WASHINGTON – The U.S. is reducing the number of its military personnel in Pakistan at that country's request following the killing of Osama bin Laden, according to the Pentagon.
A Pentagon spokesman, Marine Col. David Lapan, said Wednesday that there are more than 200 U.S. military personnel in Pakistan, but he provided no details on how many had been withdrawn since Pakistan made its request.
"We were recently (within past two weeks) notified in writing that the government of Pakistan wished for the U.S. to reduce its footprint in Pakistan," Lapan said. "Accordingly, we have begun those reductions."
Lapan later said the personnel who have been pulled out were troops who had been training Pakistani forces in counterinsurgency skills. He did not say whether Pakistan had set a specific new limit on the U.S. numbers.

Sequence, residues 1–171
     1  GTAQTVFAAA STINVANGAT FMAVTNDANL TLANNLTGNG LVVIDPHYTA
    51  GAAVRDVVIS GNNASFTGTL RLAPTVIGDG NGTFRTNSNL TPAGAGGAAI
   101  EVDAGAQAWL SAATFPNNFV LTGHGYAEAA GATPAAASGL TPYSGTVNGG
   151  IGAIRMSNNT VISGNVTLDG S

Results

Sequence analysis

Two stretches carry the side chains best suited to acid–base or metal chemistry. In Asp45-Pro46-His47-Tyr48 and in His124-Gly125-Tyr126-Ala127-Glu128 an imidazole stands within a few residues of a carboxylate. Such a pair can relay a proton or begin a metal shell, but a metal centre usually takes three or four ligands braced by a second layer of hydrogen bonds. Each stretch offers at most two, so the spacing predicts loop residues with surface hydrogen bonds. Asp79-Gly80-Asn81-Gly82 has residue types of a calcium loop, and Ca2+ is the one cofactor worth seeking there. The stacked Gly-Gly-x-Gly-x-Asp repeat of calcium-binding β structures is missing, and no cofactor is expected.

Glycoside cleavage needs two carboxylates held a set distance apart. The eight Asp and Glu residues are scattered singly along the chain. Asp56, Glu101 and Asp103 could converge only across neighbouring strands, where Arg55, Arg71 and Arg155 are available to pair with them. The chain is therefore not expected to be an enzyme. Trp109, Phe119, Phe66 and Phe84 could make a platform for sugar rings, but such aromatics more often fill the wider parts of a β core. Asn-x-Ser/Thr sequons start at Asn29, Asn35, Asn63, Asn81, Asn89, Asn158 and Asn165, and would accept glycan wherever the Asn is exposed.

The U.S. also has military personnel assigned to the Office of the Defense Representative-Pakistan, based in Islamabad. Lapan said the total exceeds 200, but he was not more specific. He said that it has fluctuated between 200 and 300 over time, depending on the training program being executed.